The Monster In The Essex Serpent Was Inspired By A Real Local Legend
Essex’s own Loch Ness Monster, if you will.
In Sarah Perry’s award-winning novel (and now Apple TV+ adaptation) The Essex Serpent, the fictional village of Aldwinter has been haunted by a myth for decades. And when an earthquake rocks the town to its core, there’s worry among its residents that a malicious sea serpent has been reawakened. But is this serpent based on a real myth? Or is it just a creative plot device conjured up by its author Sarah Perry?
Not to alarm anyone living in Essex, but Perry’s story is actually based on a true myth. As the author explained in a post on the British Library’s Living Knowledge Blog, one day she and her husband were driving through the Essex countryside when he told her “that a great beast had been seen in 1669, near the village of Henham on the Mount”. During this time, Perry’s husband had been reading Companion Into Essex – a book published in 1938 that contained an excerpt from a 17th-century pamphlet titled The Flying Serpent, that noted the sighting of “a monstrous serpent”. Among other things, the pamphlet also disclosed the places where it could be found, and even how to destroy it.
This local legend became an immediate catalyst for Perry, leading her to create her own mythical serpent. “It was like someone lighting a match in a dark room, and then suddenly you can see all these pictures on the wall,” Perry told NPR. “My imagination went into overdrive.”
As Perry wrote The Essex Serpent, she looked at images within the pamphlet for inspiration. While her mythical serpent isn’t a direct copy of the one featured in the documents, it bears a strong resemblance. While it wasn’t “a bit like the near-invisible malevolent presence” that’s in her novel, looking at drawings of the serpent was as “familiar to [Perry] as an old pet”.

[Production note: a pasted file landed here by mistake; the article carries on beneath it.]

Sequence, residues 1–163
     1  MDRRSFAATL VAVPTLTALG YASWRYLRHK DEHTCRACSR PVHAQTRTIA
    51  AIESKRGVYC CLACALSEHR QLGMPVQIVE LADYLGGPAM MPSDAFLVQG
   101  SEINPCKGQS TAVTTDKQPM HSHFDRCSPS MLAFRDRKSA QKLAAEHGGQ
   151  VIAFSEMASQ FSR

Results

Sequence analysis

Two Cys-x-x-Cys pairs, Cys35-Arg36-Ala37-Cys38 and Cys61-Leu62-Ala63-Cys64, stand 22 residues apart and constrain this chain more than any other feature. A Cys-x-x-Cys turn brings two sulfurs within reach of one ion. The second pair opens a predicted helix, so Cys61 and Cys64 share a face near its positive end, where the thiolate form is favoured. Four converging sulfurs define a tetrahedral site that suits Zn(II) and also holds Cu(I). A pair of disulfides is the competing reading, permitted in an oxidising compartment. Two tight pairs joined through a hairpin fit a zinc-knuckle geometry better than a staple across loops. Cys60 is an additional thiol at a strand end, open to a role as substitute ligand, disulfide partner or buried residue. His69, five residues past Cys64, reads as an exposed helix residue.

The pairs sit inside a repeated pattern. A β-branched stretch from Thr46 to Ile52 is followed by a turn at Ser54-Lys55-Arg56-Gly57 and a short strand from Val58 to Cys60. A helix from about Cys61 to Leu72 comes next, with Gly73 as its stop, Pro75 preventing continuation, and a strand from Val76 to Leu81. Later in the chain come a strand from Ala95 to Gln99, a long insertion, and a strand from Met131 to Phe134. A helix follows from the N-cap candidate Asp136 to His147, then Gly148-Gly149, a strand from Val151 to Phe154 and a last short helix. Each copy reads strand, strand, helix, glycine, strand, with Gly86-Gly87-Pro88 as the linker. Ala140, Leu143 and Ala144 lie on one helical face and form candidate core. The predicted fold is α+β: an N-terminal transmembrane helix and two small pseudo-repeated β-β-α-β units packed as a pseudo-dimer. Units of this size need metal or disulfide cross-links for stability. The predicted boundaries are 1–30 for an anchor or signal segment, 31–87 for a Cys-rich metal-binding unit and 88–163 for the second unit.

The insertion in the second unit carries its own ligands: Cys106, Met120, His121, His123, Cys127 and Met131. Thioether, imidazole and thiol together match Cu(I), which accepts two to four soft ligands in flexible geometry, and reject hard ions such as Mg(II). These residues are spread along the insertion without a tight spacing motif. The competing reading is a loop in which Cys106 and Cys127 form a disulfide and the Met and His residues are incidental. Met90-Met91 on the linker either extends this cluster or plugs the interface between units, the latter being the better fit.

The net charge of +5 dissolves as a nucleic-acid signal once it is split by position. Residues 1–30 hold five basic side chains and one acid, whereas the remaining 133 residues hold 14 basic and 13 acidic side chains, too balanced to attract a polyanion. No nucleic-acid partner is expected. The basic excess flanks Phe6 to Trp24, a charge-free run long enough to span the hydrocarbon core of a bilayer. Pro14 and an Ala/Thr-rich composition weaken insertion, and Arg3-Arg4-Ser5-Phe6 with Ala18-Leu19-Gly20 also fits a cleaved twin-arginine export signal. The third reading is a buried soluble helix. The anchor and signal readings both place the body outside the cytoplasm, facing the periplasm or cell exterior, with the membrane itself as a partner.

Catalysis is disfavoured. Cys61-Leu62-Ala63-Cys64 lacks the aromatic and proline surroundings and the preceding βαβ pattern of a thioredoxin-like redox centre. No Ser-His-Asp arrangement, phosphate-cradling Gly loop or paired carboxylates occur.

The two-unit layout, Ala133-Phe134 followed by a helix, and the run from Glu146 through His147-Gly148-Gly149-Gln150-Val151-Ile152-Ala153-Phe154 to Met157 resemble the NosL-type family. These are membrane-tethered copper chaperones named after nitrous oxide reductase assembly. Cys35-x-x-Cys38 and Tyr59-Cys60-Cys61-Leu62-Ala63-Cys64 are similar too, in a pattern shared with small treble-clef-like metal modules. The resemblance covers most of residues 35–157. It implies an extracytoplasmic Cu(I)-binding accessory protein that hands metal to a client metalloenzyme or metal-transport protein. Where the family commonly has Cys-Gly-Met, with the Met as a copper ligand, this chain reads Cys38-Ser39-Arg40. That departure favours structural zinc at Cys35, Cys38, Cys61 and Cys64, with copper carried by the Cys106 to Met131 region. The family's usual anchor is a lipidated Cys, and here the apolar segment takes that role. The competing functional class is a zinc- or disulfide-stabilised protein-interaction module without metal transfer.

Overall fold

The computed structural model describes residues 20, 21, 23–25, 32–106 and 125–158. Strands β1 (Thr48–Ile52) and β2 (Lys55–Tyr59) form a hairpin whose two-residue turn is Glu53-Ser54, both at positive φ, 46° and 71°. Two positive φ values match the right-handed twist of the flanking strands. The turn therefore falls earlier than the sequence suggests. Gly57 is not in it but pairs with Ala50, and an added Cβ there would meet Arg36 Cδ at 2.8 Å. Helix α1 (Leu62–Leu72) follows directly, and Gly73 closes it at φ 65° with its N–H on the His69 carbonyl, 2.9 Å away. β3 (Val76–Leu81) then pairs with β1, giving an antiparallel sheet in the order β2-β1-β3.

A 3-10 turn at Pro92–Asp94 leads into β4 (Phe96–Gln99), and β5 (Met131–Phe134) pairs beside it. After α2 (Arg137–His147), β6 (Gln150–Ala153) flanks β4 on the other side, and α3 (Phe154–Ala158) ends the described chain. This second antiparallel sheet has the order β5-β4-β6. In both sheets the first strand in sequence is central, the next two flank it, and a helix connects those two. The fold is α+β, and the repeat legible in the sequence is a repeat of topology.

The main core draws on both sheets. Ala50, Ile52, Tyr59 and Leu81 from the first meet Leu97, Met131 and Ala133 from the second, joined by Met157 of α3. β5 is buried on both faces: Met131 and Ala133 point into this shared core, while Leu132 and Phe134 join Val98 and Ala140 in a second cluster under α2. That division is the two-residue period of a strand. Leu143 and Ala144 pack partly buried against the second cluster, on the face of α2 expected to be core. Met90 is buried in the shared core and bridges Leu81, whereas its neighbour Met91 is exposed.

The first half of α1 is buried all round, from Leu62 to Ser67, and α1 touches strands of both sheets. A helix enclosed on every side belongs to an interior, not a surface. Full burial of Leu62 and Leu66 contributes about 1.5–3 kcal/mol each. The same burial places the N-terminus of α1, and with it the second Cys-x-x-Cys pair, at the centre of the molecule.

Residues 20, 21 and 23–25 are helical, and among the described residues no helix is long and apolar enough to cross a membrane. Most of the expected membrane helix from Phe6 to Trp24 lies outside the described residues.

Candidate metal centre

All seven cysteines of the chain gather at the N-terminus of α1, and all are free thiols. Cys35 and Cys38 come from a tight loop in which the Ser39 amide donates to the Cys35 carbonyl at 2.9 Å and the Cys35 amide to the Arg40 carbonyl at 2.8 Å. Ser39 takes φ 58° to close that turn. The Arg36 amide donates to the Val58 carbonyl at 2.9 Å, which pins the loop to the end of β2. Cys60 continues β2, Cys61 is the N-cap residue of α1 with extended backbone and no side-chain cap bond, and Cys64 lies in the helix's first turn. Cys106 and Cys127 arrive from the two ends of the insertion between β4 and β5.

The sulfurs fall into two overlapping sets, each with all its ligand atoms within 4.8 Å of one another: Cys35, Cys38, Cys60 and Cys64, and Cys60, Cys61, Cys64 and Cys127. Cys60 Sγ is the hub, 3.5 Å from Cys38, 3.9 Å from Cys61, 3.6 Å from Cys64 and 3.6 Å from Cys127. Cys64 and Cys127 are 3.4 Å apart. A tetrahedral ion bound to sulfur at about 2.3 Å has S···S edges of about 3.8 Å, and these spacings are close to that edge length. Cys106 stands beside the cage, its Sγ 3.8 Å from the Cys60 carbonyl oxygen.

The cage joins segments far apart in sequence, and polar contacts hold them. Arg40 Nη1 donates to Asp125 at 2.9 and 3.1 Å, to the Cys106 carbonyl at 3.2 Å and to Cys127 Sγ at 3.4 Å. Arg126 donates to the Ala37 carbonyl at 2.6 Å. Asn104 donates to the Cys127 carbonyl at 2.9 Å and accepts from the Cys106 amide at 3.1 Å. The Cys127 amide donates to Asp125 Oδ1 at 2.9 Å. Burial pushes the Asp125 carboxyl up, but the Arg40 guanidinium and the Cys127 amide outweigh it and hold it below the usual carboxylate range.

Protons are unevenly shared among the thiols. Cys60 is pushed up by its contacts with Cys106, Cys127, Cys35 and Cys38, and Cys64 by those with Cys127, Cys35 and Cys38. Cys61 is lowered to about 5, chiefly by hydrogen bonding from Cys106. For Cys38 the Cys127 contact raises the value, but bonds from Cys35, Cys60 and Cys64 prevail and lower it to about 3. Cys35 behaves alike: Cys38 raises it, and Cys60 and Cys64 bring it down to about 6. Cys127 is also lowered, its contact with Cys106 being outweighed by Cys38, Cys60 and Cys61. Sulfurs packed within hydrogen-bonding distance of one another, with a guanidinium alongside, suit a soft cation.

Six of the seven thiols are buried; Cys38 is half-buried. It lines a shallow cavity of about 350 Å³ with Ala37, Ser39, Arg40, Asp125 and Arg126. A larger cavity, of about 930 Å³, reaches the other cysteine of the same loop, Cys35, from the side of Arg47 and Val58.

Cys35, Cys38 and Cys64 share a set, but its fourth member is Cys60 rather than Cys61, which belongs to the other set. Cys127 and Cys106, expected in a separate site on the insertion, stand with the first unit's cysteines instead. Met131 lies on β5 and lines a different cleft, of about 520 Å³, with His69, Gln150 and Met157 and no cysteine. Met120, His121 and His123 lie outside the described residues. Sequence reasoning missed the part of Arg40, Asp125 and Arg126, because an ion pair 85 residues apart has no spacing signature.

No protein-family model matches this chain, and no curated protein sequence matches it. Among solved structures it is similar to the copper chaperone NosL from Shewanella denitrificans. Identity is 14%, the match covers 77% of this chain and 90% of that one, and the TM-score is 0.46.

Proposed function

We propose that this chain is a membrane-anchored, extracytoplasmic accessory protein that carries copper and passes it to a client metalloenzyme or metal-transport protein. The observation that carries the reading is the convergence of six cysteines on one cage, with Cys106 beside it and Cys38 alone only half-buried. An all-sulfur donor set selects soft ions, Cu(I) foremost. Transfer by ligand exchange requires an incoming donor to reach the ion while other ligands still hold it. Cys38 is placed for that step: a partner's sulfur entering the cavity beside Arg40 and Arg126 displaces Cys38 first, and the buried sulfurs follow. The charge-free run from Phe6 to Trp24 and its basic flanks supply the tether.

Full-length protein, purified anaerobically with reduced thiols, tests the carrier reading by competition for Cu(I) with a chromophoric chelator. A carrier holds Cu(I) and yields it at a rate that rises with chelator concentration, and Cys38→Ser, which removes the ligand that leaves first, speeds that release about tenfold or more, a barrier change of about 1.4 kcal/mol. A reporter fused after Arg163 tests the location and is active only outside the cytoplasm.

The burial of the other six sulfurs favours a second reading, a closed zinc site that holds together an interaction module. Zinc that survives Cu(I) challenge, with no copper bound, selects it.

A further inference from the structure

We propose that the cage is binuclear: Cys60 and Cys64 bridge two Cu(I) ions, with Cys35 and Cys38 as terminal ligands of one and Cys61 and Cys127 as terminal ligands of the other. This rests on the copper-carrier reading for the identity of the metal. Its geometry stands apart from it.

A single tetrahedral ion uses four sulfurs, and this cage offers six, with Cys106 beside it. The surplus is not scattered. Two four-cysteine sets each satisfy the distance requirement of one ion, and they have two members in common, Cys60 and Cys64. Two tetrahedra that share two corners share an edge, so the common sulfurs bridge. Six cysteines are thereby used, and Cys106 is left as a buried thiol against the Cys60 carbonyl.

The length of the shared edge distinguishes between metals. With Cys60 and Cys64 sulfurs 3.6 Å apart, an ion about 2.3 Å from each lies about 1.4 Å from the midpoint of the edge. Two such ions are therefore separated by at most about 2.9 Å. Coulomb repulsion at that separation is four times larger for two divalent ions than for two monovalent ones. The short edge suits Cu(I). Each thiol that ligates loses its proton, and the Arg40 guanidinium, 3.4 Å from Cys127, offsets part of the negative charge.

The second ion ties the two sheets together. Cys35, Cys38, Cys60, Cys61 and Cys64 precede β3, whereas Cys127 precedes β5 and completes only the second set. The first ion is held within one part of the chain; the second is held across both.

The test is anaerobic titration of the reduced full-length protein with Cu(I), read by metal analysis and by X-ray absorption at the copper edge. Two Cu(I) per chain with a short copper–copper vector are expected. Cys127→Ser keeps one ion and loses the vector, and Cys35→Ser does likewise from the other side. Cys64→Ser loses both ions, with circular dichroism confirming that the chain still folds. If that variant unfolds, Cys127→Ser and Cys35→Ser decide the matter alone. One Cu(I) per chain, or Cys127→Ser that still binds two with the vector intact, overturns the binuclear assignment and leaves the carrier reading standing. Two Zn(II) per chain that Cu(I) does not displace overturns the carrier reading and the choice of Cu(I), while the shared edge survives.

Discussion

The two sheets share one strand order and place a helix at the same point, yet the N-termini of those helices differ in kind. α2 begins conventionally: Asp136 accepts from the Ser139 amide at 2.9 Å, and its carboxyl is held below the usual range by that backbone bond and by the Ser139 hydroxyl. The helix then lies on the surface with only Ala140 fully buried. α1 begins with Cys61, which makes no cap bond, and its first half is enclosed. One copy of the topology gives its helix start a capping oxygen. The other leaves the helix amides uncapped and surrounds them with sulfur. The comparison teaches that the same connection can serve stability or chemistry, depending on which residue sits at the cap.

The Flying Serpent isn’t the only mythological creature prowling the Essex countryside. According to author Liz Trenow, there’s an earlier myth of a dragon terrorising the villagers of Bures and Wormingford near Colchester. There’s a theory that this ‘dragon’ was actually a crocodile gifted to King Richard I and escaped a traveling menagerie.” This myth inspired Trenow’s novel The Secrets Of The Lake.
But as for Perry, it was the 17th-century pamphlet that guided her story for The Essex Serpent. As she explained to NPR, the possibility of its return “when ideas around the fossil record and paleontology, and the debate between science and religion and superstition and rationality were really kind of the common currency” was what truly set her off on her literary journey.